HomeWinBuzzer NewsWindows Ink Support for Mail and Calendar Reaches All Users

Windows Ink Support for Mail and Calendar Reaches All Users

Now available in general release, Windows Ink in Mail and Calendar allows users to draw within an email or calendar entry.


Early last month, announced it was bringing Windows Ink support to the native app on . Later the company released the feature to the release preview ring for testing. Now, Microsoft has brought Inking support to the app for all Windows 10 users.

We originally thought Microsoft would reserve this integration for the upcoming Windows 10 October 2018 Update (Redstone 5). However, when reached Mail and Calendar on the release preview branch, it was clear this would release before.

Microsoft started rolling out the support last week through version 16005.10325.20091.0 of Mail and Calendar.

As with the preview, users can place drawings or other inked creations directly into mails and calendar entries. The ability to annotate images through mouse, pen, or finger articulation is also available.

All the new Windows Ink features are found behind a new Draw ribbon within the app. The following abilities are available:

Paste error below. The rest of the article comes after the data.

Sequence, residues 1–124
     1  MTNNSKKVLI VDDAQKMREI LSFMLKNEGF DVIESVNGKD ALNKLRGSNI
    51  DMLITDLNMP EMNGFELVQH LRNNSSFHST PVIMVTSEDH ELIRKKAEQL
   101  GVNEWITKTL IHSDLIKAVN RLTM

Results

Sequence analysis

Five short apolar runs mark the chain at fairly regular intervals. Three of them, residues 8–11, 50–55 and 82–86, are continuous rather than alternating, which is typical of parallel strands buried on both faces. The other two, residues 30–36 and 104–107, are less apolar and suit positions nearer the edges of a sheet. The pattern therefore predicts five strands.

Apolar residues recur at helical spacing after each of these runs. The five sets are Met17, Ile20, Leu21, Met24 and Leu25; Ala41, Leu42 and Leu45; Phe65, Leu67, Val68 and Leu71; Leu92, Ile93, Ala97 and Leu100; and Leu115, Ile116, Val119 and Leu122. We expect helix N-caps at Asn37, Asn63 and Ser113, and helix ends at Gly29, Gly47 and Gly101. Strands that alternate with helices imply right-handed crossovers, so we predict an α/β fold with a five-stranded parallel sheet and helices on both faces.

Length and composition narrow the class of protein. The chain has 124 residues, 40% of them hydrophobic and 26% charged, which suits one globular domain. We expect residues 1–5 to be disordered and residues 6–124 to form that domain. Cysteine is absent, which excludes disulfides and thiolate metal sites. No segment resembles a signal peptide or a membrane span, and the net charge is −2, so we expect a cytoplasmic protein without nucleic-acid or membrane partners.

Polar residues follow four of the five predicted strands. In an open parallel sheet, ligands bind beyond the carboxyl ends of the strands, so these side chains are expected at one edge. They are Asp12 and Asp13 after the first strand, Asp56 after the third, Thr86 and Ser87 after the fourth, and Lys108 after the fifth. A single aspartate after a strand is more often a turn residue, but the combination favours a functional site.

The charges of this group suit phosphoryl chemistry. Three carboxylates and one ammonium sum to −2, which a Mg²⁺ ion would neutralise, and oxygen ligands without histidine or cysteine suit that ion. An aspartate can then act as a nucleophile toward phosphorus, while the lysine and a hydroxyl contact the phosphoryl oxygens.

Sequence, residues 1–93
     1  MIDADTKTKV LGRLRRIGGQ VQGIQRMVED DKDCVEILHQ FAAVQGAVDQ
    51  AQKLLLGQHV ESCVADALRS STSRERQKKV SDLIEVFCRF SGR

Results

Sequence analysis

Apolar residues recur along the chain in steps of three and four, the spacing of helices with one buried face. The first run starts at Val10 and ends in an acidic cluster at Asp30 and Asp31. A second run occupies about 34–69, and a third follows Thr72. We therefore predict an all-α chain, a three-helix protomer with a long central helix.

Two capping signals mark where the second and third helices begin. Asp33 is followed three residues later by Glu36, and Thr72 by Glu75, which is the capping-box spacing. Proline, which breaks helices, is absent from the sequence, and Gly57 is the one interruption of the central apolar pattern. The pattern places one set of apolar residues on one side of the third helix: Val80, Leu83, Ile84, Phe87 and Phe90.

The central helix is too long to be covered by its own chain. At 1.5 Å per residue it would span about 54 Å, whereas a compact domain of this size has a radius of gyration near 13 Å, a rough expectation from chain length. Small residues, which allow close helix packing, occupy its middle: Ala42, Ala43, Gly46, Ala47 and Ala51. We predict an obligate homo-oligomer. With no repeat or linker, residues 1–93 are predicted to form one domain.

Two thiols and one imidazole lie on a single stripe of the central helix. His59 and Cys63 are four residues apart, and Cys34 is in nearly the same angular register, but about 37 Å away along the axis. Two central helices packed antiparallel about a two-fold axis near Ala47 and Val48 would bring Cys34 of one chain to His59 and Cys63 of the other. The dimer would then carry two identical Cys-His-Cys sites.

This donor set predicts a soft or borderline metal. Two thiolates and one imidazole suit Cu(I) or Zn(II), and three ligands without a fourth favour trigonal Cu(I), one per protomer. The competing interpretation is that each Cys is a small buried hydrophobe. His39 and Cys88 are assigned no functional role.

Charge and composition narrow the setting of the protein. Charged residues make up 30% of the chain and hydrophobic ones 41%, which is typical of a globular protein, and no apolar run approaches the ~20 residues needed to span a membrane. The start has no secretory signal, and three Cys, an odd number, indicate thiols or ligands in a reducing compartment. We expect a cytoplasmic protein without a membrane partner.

• Insert a Drawing Canvas from the ribbon anywhere in your email to add a sketch.
  • Annotate any picture by drawing on or next to it.
  • Use ink effects like galaxy, rainbow, and rose gold colored pens.

Users need to select the “Add drawing canvas” before they can ink in an email. A canvas is placed in the message pane and shows the boundaries of where inking can be done. It is worth noting this canvas can be resized manually.

While Windows Ink feature work best with pen or touch input, mouse support is also available for Mail and Calendar.

Windows Ink Expansion

It is nice to see Microsoft continue to expand inking capabilities in Windows 10. When first debuted with the Anniversary Update, Windows Ink was an excellent addition that was limited by its availability across apps.

Since then Microsoft has evolved the service across many of its native apps, such as OneNote.

Luke Jones
Luke Jones
Luke has been writing about all things tech for more than five years. He is following Microsoft closely to bring you the latest news about Windows, Office, Azure, Skype, HoloLens and all the rest of their products.

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